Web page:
THAT'S WHAT I THOUGHT. IS A BLOG BY STEVEN SANDE WHO IS BASED OUT OF GUELPH, CANADA. His goal in writing is simply to develop personally and professionally and therefore the theme of his posts can vary greatly.

Hidden in Plain Sight

Hidden in Plain Sight

I came across some interesting examples of camouflage recently and decided to share them here among others. I will try to only include novel examples that the average person is unlikely to be familiar with already.

1. Poop Imitators

  Some Phyrnarachne spider species imitate bird poop at various stages of crustiness. This particular species seems to prefer the fresh look. Photo by Vijay Anand Ismavel

 

Some Phyrnarachne spider species imitate bird poop at various stages of crustiness. This particular species seems to prefer the fresh look.

Photo by Vijay Anand Ismavel

The descriptively named Vietnamese Bird Poop Frog definitely favors function over form. Photo by AngiNelson

The descriptively named Vietnamese Bird Poop Frog definitely favors function over form.

Photo by AngiNelson

Who knew bird poop was such a trendy look? Apparently Macrauzata maxima caterpillars knew. Photo Attribution

Who knew bird poop was such a trendy look? Apparently Macrauzata maxima caterpillars knew.

Photo Attribution

2. Foliar Fauna

The Leaf-tailed Gecko is an incredible example of camouflage. This picture doesn't quite get it at it's best, so I encourage you to do a quick search on your own to see how well it blends in under ideal circumstances. Photo by Michael Sale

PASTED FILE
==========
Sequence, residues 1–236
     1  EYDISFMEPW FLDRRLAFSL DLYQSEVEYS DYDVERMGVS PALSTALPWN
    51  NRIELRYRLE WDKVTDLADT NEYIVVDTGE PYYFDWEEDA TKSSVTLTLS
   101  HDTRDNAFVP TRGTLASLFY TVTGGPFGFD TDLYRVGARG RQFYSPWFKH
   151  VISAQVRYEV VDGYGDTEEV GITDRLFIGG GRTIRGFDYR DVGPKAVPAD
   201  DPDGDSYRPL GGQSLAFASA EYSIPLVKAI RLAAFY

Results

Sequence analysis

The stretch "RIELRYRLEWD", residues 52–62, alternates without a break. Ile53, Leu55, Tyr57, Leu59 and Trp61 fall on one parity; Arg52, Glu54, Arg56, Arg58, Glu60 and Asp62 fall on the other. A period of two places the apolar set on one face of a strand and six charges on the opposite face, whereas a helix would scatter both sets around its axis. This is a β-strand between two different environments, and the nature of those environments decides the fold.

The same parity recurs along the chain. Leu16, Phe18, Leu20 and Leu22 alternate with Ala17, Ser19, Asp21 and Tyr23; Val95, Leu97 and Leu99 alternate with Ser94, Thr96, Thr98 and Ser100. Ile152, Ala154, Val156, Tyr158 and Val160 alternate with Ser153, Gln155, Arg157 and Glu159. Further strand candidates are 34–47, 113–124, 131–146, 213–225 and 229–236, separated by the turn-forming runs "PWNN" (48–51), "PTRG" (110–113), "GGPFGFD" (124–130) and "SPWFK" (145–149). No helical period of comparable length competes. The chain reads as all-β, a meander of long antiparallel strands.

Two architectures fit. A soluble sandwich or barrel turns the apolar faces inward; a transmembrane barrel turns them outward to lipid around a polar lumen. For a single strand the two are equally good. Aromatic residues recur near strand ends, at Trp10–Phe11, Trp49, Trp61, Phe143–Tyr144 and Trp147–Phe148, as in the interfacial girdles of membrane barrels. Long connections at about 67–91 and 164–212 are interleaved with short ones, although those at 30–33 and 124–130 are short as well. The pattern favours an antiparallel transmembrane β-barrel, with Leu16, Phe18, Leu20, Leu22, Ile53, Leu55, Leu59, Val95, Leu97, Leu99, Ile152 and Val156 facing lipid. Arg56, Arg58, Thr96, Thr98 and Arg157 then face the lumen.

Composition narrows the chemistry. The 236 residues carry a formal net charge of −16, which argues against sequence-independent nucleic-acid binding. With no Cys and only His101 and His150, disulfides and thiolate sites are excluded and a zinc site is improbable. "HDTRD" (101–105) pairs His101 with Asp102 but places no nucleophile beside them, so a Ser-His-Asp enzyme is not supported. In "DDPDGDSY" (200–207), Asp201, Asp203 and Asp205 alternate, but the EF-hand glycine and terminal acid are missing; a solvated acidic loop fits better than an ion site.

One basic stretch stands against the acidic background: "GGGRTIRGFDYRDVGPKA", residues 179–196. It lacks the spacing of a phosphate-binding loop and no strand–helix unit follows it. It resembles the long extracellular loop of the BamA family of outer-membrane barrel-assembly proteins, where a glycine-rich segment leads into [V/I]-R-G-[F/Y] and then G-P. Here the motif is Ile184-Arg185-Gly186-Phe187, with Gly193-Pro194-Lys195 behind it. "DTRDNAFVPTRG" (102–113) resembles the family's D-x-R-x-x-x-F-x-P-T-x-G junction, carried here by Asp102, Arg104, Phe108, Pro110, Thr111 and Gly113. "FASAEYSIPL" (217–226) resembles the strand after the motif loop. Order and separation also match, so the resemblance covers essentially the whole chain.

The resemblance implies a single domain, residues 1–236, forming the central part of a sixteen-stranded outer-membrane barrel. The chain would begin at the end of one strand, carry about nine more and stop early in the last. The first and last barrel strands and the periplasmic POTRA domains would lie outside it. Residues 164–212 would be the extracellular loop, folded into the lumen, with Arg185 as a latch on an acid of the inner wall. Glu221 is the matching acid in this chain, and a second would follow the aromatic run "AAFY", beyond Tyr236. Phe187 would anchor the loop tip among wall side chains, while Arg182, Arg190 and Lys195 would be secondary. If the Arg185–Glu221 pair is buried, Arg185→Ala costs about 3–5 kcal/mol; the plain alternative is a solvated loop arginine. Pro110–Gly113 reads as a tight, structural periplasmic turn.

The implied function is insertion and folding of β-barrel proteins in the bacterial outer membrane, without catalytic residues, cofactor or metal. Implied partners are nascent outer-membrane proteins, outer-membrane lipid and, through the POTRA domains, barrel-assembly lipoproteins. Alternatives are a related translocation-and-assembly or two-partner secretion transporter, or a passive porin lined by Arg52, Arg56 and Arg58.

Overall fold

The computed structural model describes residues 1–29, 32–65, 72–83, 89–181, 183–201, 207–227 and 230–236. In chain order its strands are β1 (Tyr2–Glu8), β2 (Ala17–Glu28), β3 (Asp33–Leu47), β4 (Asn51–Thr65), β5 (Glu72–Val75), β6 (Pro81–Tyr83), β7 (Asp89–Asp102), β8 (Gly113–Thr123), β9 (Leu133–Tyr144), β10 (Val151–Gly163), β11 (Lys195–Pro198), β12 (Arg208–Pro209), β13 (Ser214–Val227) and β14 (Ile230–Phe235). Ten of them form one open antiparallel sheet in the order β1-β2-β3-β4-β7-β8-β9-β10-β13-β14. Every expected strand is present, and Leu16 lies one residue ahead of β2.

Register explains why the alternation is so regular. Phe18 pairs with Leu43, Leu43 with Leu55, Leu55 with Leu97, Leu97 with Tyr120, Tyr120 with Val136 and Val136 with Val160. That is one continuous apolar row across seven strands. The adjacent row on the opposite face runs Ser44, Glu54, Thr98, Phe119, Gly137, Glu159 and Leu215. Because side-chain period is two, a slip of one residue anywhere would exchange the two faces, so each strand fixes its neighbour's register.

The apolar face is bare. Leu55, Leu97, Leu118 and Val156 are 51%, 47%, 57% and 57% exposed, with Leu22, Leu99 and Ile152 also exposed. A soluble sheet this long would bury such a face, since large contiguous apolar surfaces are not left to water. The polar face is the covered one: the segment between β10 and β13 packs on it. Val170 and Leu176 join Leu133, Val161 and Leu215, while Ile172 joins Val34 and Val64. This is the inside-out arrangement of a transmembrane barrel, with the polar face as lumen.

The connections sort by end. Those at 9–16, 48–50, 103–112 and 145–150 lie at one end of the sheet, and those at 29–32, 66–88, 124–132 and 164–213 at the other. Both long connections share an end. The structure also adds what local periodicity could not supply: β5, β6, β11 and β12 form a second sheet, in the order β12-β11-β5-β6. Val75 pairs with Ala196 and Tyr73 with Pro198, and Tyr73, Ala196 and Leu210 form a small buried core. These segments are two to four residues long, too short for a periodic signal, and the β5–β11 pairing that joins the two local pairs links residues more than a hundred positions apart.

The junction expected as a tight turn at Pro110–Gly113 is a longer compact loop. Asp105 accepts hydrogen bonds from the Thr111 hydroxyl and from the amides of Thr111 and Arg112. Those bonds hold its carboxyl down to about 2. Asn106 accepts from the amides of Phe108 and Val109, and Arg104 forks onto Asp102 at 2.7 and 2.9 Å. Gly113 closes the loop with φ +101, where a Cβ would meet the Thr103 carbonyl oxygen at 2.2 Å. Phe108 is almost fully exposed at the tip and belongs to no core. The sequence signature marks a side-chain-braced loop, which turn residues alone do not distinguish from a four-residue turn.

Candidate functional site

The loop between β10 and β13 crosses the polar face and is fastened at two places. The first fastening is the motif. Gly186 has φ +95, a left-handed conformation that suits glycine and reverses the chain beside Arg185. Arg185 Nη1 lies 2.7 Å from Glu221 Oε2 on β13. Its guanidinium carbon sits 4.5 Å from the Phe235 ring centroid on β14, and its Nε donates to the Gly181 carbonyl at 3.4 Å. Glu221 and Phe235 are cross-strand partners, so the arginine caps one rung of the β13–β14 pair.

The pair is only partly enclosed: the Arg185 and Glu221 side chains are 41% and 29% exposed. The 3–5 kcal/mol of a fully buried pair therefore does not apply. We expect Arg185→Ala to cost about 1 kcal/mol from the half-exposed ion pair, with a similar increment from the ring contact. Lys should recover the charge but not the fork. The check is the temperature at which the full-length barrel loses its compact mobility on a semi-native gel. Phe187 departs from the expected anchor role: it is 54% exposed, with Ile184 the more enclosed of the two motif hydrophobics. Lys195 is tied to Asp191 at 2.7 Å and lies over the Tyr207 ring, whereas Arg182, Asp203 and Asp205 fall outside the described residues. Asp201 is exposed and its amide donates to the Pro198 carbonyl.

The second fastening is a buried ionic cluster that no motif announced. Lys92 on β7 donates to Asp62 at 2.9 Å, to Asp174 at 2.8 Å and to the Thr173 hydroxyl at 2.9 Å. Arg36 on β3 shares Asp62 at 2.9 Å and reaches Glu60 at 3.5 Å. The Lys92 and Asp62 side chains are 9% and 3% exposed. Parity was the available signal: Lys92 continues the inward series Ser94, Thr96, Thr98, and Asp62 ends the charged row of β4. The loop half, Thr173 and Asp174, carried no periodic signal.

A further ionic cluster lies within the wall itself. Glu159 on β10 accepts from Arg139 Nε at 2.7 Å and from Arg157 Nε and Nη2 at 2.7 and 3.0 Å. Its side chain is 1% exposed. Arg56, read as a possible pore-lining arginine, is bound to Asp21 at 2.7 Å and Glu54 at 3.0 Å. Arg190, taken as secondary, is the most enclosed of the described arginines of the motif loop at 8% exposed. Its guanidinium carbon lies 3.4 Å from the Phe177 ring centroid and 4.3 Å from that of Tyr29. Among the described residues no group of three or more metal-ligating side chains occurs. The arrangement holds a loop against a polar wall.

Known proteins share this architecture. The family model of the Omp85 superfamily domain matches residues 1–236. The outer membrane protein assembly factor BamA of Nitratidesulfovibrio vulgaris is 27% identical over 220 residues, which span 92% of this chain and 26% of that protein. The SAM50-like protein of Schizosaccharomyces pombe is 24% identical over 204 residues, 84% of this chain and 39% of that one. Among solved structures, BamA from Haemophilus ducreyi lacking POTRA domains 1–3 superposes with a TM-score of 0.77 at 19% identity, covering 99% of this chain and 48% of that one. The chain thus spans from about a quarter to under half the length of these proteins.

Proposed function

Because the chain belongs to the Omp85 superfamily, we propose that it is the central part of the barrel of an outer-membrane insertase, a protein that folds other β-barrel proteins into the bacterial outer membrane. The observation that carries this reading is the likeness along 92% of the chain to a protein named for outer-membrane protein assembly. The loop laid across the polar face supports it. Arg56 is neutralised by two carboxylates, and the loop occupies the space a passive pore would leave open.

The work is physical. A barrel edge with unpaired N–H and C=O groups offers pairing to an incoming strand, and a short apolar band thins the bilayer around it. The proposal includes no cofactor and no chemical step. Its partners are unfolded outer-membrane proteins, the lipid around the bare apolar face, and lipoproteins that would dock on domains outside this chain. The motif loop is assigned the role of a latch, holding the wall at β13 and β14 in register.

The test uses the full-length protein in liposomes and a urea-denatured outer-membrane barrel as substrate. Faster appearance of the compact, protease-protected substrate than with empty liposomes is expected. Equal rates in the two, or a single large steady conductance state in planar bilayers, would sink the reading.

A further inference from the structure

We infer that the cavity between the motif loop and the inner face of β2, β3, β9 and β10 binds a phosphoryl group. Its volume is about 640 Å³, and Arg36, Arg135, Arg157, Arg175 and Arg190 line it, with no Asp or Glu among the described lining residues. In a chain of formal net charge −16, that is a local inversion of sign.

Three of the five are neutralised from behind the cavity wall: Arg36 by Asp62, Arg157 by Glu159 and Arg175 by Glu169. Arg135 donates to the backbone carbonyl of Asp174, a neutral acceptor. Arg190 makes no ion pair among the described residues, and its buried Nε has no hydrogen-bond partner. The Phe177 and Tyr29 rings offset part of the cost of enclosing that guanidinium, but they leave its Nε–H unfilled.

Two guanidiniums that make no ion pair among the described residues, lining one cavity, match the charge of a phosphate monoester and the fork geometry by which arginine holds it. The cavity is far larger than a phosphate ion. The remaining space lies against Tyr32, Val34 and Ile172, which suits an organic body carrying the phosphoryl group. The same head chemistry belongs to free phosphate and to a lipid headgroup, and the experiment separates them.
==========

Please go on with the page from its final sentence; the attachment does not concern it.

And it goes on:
The Leaf-tailed Gecko is an incredible example of camouflage. This picture doesn't quite get it at it's best, so I encourage you to do a quick search on your own to see how well it blends in under ideal circumstances.

Photo by Michael Sale

Water Scorpions are fierce aquatic predators that might reside in your local rivers and streams. I found several of them while doing an invertebrate survey in the Eramosa River near Guelph. Photo by John Lindsey

Water Scorpions are fierce aquatic predators that might reside in your local rivers and streams. I found several of them while doing an invertebrate survey in the Eramosa River near Guelph.

Photo by John Lindsey

Alligator Pipefish are among my favorite fish in the aquarium trade. If they weren't so difficult to keep I might have one myself! Photo by Jonathon D

Alligator Pipefish are among my favorite fish in the aquarium trade. If they weren't so difficult to keep I might have one myself!

Photo by Jonathon D

3. Laying Low in Dirt and Debris

Stonefish are unique in that they don't necessarily need to match their surroundings. They can be a little stone island in a sea of sand if they want. Photo by ~Sage~

Stonefish are unique in that they don't necessarily need to match their surroundings. They can be a little stone island in a sea of sand if they want.

Photo by ~Sage~

Some Horned Lizard species might seem a bit chubby, but it's in the name of reducing their shadow so give them a break! Photo by Marshall Hedin

Some Horned Lizard species might seem a bit chubby, but it's in the name of reducing their shadow so give them a break!

Photo by Marshall Hedin

Bonus picture of Howard the Horney Toad. I'd seen this picture before and rediscovered it while browsing for Horny Toad pictures to use. I didn't know it originated on Flickr! Photo by Casey Myers

Bonus picture of Howard the Horney Toad. I'd seen this picture before and rediscovered it while browsing for Horny Toad pictures to use. I didn't know it originated on Flickr!

Photo by Casey Myers

Videos: Music Edition

Videos: Music Edition

Videos: Documentary Edition

Videos: Documentary Edition

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